… [Lynda Barry] told a story about the neuroscientist V. S. Ramachandran, who helps patients experiencing phantom-limb pain. Barry discussed one patient who felt that his missing left hand was clenched in a fist and could never shake the discomfort — could never “unclench” it.
So Ramachandran used a mirror box — a compartment into which the patient could insert his right hand and see it reflected at the end of his left arm. “And Ramachandran said, ‘Open your hands.’ And the patient saw this” — Barry opened two clenched fists in unison. “That’s what I think images do.
“I think that in the course of human life,” she continued softly, “we have events that cause” — she clenched her fist and held it up, inspecting it from all angles. “Losing your parents might cause it. Or a war. Or things going bad in a family.”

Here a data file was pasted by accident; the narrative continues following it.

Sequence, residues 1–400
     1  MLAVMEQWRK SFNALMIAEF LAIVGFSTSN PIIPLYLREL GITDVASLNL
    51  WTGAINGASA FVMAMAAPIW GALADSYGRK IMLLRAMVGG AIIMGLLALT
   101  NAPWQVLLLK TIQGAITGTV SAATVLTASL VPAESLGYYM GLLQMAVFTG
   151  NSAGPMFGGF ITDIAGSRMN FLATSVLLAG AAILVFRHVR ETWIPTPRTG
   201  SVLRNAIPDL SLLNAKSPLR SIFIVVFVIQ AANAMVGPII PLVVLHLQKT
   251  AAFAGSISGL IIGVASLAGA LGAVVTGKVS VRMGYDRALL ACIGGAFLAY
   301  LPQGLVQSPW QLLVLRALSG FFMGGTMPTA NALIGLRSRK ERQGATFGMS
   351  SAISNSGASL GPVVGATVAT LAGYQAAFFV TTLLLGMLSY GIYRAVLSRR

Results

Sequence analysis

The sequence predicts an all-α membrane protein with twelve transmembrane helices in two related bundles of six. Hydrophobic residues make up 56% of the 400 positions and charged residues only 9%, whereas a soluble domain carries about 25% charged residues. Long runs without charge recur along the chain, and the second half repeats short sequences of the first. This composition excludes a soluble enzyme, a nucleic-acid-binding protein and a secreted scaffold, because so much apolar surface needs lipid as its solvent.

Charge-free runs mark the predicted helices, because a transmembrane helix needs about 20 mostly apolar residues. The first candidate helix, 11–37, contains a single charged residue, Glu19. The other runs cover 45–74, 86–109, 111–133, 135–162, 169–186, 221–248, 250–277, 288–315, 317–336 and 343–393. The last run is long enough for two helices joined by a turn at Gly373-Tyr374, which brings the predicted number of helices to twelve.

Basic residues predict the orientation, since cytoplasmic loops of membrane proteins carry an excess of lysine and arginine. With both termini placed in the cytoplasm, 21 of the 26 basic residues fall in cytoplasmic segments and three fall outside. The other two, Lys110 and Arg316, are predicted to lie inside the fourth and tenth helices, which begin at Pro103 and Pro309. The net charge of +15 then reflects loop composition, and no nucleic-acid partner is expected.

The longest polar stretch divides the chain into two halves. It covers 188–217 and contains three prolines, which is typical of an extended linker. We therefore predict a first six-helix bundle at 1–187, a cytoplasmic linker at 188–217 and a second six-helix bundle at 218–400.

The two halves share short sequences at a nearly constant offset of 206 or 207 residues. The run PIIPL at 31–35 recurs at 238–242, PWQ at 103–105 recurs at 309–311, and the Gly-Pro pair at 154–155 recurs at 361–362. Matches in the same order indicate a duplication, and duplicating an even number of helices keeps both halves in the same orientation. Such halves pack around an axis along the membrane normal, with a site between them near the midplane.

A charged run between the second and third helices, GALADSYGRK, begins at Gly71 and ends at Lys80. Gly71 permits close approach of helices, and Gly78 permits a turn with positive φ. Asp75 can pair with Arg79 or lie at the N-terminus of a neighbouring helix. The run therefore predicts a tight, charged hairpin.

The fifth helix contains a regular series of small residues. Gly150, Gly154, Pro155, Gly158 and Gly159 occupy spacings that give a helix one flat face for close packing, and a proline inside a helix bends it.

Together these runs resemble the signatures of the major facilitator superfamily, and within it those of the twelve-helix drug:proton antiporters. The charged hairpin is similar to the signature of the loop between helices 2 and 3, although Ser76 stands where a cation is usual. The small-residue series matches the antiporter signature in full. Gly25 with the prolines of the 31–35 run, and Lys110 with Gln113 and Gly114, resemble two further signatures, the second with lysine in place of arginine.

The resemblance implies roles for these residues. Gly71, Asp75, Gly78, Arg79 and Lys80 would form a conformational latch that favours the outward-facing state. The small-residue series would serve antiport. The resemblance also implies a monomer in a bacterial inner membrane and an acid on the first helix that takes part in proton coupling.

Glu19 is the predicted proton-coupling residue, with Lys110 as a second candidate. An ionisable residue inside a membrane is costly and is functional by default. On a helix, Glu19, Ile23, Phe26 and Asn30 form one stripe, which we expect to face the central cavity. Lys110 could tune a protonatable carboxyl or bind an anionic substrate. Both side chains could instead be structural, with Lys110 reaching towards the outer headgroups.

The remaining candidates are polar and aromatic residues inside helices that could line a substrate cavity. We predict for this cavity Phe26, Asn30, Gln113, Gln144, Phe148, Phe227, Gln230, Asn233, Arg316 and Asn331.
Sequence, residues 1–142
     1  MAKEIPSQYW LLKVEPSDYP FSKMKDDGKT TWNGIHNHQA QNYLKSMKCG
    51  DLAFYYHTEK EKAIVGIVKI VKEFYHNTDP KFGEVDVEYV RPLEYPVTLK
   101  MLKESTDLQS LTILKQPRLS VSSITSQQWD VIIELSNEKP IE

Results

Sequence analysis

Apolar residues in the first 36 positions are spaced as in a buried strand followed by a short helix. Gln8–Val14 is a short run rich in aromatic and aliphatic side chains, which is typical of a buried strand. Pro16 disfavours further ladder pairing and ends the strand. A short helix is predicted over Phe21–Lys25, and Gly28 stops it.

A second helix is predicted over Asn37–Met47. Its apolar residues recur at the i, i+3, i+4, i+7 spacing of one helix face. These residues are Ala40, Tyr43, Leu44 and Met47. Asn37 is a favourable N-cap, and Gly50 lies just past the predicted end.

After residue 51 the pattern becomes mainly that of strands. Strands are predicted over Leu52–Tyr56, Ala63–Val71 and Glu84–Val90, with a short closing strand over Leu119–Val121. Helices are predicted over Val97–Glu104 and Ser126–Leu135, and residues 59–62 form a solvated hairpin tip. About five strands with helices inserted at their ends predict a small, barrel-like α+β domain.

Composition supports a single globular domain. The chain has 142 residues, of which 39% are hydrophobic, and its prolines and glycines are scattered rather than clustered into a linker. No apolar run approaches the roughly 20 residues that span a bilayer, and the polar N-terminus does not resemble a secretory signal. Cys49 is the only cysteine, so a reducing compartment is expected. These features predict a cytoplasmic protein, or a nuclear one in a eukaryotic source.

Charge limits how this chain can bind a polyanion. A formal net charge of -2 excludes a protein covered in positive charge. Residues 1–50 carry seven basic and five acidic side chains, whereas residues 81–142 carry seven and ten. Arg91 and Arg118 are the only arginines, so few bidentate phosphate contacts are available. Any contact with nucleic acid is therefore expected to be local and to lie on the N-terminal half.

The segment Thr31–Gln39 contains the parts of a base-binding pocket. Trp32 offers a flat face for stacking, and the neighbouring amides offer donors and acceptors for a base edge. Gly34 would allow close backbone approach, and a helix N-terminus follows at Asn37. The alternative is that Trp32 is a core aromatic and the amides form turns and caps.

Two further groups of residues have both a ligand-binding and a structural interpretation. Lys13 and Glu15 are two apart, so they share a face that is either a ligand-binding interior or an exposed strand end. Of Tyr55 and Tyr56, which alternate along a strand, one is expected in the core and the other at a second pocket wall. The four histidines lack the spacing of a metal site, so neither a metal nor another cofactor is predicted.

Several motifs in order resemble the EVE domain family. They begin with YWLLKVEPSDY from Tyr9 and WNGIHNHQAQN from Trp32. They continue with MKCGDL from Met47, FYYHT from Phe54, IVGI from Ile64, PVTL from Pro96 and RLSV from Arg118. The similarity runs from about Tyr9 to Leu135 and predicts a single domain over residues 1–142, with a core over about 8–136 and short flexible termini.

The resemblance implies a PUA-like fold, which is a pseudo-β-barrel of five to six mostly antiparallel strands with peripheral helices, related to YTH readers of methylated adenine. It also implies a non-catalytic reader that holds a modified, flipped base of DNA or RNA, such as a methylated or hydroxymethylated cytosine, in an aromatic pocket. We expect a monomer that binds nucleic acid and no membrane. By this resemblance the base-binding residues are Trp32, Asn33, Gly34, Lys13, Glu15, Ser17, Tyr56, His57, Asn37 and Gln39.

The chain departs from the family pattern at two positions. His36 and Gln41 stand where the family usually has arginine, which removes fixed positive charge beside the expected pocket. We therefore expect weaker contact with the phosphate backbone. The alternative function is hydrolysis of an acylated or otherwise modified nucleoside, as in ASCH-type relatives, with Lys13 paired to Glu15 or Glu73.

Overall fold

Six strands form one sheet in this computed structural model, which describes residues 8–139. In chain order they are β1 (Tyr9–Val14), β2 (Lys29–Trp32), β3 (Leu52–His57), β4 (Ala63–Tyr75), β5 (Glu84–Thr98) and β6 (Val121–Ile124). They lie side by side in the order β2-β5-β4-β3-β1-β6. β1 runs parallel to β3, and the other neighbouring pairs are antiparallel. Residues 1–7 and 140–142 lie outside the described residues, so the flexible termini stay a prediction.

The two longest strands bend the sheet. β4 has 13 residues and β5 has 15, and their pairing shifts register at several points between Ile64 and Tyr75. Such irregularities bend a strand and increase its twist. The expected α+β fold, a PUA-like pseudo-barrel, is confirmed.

The only way to open that fist, she said, is to see your own trouble reflected in an image, as the patient saw his hand reflected in a mirror. It might be a story you write, or a book you read, or a song that means the world to you. “And then?” She opened her hand and waved.
I read this article about Lynda Barry – who became a writing and creativity teacher when the market for her comic strips dried up.
I was pretty troubled in college – and whenever people (people like the other girls in my eating disorders recovery group, for instance) would suggest to me that writing was therapeutic for me – I thought this idea was bullshit at best.
However, I do think writing has a cathartic quality – not in a confessional, I’m-making-my-audience-my-therapists! way. Rather, in the way Barry describes above.
If something has caused you to close, cave in, get smaller – writing about it, creating around it, reflecting it in the world again and again – gets you bigger again.